Meanwhile, however, I ABSOLUTELY reject the notion that people who KNOWINGLY reject belief in Our Most Blessed Savior are capable of good works as understood in the traditional catholic sense. They MAY be able to perform works which people would term "good" in a strictly NATURAL level, but which are however not meritorious for their souls in any way. Again, I am referring here to souls who KNOWINGLY reject belief in God.

Pope Francis was hardly referring to some tribe somewhere on the Amazon that has no contact with the outside world when he uttered those words, "atheists can do good works".

"Atheists" as understood by everyone on the street in a western country is your typical guy who KNOWS of the existence of Christianity but forcibly rejects the graces of God sent to that person so that he may see the light of reason and enter into the bosom of the only ark of salvation, the Holy Catholic Church.

Rhoslyn said...

I wish we had a parish priest like this!!

Hayfarmer said...

Pope Francis is using a classic old socialist trick--ridicule and mock one group in order to divide and conquer. Just as some governments label pro-lifers, constitutionalists, veterans as "terrorists" because they question the current regime and want a smaller government as in the founding documents, the pope is throwing out a term which the majority of Catholics have never heard of to marginalize the groups who love Tradition and the Mass of All Ages.

After a period of time, it will only seem reasonable to curtail that old discipline, superstitious novenas, Latin, et al; for the unity of the Church. How can we have a universal church if some wacky tradicals are demanding the Tridentine Mass?

Psy-ops are a Jesuit's stock-in-trade.

O Resistente said...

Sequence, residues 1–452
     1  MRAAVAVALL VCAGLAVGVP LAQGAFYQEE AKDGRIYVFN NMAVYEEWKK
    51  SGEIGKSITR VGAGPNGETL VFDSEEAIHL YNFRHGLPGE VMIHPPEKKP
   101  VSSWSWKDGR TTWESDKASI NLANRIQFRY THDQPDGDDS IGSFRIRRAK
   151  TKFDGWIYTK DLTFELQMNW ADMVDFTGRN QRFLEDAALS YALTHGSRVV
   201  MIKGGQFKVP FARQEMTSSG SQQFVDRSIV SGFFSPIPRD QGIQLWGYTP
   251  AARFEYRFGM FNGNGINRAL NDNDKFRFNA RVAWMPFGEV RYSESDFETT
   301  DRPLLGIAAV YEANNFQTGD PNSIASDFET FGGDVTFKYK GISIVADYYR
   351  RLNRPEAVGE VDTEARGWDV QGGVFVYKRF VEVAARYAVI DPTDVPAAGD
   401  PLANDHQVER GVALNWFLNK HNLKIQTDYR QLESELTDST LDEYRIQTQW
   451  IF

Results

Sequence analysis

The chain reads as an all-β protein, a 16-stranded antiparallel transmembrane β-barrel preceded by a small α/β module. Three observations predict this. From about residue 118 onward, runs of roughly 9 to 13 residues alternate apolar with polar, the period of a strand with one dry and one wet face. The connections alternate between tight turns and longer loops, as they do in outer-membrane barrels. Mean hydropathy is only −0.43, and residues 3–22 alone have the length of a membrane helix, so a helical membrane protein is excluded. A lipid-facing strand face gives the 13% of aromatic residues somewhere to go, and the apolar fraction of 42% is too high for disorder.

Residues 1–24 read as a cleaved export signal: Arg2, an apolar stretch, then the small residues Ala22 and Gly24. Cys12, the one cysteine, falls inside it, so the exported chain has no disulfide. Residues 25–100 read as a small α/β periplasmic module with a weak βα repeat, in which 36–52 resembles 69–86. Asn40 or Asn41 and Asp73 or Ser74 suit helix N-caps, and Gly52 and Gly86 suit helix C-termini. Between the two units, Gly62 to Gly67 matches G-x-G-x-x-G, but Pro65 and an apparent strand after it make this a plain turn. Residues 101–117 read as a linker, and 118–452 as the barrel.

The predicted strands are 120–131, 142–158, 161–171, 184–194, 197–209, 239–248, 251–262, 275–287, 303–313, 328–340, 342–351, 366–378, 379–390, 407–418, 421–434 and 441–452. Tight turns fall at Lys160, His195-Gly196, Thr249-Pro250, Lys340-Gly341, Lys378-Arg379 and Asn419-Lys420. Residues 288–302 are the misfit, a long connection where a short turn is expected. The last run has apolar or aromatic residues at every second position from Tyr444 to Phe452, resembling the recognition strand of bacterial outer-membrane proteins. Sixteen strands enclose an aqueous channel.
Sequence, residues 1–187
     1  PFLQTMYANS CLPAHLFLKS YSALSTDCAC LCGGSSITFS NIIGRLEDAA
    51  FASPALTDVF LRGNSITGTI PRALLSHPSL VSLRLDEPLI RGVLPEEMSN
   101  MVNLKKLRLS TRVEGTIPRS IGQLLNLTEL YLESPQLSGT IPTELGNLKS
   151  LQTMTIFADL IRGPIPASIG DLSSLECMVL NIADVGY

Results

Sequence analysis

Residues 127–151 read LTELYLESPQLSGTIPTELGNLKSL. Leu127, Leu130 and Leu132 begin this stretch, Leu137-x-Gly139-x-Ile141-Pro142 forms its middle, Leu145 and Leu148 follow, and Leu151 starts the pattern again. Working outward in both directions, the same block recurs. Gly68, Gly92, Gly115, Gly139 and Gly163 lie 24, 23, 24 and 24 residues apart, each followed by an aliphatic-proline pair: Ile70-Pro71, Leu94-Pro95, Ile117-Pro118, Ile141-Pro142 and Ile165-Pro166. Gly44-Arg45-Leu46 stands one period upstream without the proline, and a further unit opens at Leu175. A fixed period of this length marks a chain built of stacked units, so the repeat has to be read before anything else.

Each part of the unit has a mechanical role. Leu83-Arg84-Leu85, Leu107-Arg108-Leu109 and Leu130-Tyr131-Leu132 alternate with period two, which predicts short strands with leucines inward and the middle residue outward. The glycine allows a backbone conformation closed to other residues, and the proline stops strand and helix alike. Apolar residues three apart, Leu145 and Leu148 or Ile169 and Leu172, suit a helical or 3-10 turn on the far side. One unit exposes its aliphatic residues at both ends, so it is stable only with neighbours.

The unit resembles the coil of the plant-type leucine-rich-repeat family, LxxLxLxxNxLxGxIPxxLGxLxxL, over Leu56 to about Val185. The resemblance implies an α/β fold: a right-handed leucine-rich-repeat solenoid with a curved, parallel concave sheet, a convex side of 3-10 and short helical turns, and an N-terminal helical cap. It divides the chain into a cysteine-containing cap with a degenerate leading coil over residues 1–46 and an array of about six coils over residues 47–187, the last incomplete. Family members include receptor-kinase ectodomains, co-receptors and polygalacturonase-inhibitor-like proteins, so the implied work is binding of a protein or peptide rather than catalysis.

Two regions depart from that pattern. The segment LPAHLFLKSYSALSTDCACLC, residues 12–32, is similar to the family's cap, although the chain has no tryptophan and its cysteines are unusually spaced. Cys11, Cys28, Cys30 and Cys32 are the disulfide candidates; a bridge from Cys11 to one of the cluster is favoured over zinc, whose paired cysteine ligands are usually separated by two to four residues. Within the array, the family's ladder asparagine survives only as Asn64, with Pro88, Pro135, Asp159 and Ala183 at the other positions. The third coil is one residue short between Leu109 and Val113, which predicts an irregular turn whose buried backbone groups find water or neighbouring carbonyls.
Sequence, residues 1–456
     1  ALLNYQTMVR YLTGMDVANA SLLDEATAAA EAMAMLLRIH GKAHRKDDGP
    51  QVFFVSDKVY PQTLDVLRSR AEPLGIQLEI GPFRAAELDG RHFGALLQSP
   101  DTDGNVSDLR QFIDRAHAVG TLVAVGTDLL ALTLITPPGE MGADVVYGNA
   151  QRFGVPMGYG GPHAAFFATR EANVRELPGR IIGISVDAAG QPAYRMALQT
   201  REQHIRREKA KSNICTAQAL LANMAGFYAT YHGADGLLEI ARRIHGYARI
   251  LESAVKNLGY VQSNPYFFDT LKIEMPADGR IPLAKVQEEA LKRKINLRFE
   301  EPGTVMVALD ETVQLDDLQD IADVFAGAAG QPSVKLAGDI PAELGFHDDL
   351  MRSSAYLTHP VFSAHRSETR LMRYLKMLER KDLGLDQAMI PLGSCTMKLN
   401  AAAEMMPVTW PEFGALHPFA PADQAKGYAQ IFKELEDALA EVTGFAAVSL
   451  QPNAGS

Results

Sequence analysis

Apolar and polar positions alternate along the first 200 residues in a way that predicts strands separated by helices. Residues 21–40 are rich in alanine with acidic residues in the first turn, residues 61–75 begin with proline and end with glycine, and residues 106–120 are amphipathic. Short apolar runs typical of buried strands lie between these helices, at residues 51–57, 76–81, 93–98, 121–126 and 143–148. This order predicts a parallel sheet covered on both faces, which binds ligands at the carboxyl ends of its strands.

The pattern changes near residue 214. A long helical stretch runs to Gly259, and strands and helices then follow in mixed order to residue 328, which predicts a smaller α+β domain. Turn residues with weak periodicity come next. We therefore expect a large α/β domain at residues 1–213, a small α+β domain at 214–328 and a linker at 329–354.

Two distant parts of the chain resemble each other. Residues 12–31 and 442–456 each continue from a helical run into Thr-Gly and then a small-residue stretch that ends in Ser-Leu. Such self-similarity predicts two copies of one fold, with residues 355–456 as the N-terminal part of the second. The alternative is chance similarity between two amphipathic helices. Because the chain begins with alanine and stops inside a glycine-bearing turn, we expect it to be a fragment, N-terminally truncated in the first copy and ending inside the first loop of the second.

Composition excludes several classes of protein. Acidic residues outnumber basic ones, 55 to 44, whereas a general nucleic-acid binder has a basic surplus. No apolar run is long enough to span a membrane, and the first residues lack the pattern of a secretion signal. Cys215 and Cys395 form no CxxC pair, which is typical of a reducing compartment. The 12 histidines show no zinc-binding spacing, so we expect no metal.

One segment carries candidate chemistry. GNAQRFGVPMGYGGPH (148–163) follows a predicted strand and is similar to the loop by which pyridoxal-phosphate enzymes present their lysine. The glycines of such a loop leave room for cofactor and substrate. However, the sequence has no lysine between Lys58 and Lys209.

I'm proud to be a Pelagian Restaurationist.

At a time when everything seemed to be lost, D. Pelagius (685-737) and his brave men defeated the moors in Covadonga (724), killed the traitor Bishop Opas, and restored the Christian kingdom of his forefathers in Spain.

It's about time for a new Pelagius to restore his kingdom in a new Covadonga.

San'Tiago y Cierra Espana!

GMMF said...

PKPT,

I think you are referring to the Pelagians of the 17th century (so-called because their center was the church of St. Pelagia). They were essentially quietists, so the application here is a stretch, especially given the Pope's remarks to the Brazilian episcopate which tied the the "Pealgian" description to the insistennce on particular disciplines, not the eschewing of all disciplines for mental prayer or "the prayer of quiet."

Edward More said...

I have been reading the encyclical by pope Clement XI (http://www.papalencyclicals.net/Clem11/c11unige.htm) wherein GMMF suggests that the alleged Jansenist errors of some of the commenters here on rorate are proved. Needless to say, nowhere on the encyclical is anything remotely close to, "Atheists can do good works" mentioned. Quite the contrary:

"1. What else remains for the soul that has lost God and His grace except sin and the consequences of sin, a proud POVERTY [TRUE POVERTY that is] and a slothful indigence, that is, a general impotence for labor, for prayer, and FOR EVERY GOOD WORK?

2. The grace of Jesus Christ, which is the efficacious principle of every kind of good, is NECESSARY FOR EVERY GOOD WORK; without it, not only is nothing done, but nothing can be done.


40.Without grace we can love nothing except to our own condemnation."

Regardless of the fact that the above encyclical in no way proves the charge of Jansenism on some rorate readers (quite the contrary in fact), I would heartily recommend the encyclical to readers as it contains some very holy and salutary teaching which I think that all catholics would do well to consider:

On charity:

"54. It is charity alone that speaks to God; it alone that God hears.

55. God crowns nothing except charity; he who runs through any other incentive or any other motive, runs in vain.

56. God rewards nothing but charity; for charity alone honors God.

57. All fails a sinner, when hope fails him; and there is no hope in God, when there is no love of God.

58. Neither God nor religion exists where there is no charity."

On avoiding servile fear, rather than a holy fear of the Lord based on charity and love of God:

"60. If fear of punishment alone animates penance, the more intense this is, the more it leads to despair.

61. Fear restrains nothing but the hand, but the heart is addicted to the sin as long as it is not guided by a love of justice.

62. He who does not refrain from evil except through fear of punishment, commits that evil in his heart, and is already guilty before God.

63. A baptized person is still under the law as a Jew, if he does not fulfill the law, or if he fulfills it from fear alone.